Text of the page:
Young people feel respected and feel no judgement as part of the Face It programme. 85% of participants put the coping skills they learn into practice and 68% of participants from pupil referral units report that being part of the programme increased their resilience and coping.

Silence the Violence (STV) Programme in Prisons

Working in men’s prisons, the STV programme works with prisoners who are verbaly abusive, physically abusive, have difficulty interacting in a group and who self harm.

While the programme is designed for young people, in some cases they work with older adults who have a younger developmental age.

Only 7% of people who complete the Khulisa programme go on to reoffend – this is much lower than the national average. The restorative, trauma informed approach of the programme also leads 98% of participants to report a positive impact on their behaviour and a 92% decrease in prison based violence.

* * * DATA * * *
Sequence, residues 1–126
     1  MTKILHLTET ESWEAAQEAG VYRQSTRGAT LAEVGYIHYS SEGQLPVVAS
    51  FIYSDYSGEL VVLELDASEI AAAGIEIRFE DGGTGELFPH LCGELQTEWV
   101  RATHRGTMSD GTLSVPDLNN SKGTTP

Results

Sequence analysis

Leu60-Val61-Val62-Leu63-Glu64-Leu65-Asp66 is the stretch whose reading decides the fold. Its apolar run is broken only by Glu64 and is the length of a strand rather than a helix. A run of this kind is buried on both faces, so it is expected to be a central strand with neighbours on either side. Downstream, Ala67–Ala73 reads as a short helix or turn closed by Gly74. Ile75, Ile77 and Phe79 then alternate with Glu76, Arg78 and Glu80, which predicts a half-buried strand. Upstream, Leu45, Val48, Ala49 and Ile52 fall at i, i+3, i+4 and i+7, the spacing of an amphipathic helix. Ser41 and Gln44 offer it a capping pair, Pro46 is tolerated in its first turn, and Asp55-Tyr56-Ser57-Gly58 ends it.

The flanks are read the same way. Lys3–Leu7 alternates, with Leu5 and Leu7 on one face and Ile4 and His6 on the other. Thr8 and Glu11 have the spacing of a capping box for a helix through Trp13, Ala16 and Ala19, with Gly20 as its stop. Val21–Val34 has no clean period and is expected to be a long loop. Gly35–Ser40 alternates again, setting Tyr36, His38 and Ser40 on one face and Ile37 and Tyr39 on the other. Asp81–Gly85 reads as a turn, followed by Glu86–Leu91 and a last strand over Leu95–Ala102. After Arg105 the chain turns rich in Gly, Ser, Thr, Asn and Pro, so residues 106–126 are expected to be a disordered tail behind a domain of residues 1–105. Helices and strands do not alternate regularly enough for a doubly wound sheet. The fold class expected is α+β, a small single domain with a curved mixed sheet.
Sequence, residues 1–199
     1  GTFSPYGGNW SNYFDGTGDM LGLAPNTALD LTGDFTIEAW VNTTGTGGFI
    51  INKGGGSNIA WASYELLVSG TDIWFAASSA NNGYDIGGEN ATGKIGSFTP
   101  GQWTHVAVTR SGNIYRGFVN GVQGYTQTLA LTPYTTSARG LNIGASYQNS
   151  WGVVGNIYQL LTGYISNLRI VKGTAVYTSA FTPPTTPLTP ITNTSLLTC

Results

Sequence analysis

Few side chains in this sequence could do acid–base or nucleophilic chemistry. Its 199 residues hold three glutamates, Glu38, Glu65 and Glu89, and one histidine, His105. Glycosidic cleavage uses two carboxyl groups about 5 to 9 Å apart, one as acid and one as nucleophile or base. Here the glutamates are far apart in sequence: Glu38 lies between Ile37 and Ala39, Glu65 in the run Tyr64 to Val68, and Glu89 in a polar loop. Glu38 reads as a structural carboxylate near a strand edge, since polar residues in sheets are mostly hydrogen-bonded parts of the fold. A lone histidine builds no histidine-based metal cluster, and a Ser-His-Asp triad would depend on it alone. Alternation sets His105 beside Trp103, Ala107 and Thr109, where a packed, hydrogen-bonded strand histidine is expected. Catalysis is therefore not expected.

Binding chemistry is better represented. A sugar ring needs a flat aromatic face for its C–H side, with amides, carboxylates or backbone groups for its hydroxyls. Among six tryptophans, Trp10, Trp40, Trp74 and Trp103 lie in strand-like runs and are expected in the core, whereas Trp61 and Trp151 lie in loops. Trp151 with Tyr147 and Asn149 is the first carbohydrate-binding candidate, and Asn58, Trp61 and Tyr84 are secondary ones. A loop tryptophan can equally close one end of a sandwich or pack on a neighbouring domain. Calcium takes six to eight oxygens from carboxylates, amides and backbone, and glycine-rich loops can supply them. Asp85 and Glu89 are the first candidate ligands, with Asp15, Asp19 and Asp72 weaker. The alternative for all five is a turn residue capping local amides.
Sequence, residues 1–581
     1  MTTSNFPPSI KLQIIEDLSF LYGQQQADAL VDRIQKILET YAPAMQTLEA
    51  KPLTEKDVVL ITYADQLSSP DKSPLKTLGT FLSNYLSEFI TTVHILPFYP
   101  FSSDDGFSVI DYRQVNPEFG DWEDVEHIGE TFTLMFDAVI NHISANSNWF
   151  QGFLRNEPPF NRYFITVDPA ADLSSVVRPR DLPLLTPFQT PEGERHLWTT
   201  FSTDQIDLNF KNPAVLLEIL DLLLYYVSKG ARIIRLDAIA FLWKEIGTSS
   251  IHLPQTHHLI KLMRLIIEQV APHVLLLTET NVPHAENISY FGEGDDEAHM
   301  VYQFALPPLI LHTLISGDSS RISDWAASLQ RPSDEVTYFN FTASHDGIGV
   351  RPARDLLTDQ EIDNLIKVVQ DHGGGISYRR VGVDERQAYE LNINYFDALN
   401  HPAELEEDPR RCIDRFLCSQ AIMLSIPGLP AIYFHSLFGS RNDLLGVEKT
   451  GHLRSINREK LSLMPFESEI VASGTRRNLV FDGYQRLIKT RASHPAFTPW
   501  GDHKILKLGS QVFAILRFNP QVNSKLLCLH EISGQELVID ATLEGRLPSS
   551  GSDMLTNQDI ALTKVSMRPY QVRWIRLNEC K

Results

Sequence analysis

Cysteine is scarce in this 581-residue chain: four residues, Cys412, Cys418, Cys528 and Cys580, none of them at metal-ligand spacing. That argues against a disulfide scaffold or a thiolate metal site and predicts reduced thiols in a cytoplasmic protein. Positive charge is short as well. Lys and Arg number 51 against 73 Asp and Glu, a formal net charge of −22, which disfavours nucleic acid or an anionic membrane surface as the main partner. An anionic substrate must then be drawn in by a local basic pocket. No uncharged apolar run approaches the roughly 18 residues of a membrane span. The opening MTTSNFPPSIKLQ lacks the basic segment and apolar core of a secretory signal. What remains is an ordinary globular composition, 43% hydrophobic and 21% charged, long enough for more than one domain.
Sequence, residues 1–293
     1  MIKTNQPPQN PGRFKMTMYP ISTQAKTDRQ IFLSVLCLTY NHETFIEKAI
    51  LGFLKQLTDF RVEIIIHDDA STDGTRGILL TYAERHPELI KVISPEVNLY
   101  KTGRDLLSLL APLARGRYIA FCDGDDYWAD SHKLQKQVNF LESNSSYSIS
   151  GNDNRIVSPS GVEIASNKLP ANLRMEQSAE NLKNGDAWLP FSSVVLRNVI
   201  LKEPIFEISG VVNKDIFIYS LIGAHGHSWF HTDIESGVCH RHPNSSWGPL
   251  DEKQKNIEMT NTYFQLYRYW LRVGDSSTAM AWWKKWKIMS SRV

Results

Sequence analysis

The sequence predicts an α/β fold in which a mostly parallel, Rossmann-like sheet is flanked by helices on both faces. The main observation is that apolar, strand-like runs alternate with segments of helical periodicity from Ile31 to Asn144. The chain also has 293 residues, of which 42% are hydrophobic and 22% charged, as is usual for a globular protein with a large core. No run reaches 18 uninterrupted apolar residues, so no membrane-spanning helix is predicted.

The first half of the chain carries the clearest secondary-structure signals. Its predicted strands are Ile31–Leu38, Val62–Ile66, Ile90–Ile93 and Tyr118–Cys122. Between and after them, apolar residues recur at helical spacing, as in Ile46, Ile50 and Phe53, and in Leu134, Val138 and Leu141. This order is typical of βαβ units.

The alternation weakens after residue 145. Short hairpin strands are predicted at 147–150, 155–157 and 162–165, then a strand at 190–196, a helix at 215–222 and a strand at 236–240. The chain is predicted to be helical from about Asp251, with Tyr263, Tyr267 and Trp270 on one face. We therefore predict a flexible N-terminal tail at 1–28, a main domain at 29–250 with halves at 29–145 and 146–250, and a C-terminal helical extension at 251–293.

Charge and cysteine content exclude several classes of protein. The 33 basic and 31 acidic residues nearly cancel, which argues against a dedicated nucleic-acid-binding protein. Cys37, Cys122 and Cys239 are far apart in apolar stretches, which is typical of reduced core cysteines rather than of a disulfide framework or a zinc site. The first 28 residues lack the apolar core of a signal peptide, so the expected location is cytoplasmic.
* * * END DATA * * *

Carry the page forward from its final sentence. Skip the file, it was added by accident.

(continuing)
Caroline Brindle, PowerPoint Slides at BADth Conference 2019

Khulisa know that “what happened to you” is a more important question than “what is wrong with you”. Their work in schools, pupil referral units and prisons is ground breaking and transformative.

I loved this workshop because I love Khulisa’s model. A few weeks later I told them that during my interview for Associate Facilitator. I am thrilled to have been offered a position and I am really looking forward to my induction training with them later this year.

Investing in programmes like those run by Khulisa is essential if we as a country want to reduce offending and support people who have experienced difficult starts in life. We know that hurt people hurt people. We also know that people need support to grow towards well being.

“Caroline Brindle is ‘Khulisa’s’ Programme Manager for the North West. She is a Dramatherapist, and is responsible for delivering safe and successful psychotherapeutic interventions across ‘Khulisa’s’ schools, prisons and community partners. Passionate about the intersection of neuroscience and mental health, Caroline strives to bring a trauma-informed approach to all her work.”

British Association of Dramatherapists (BADth) Annual Conference and AGM 2019 programme. Page 50.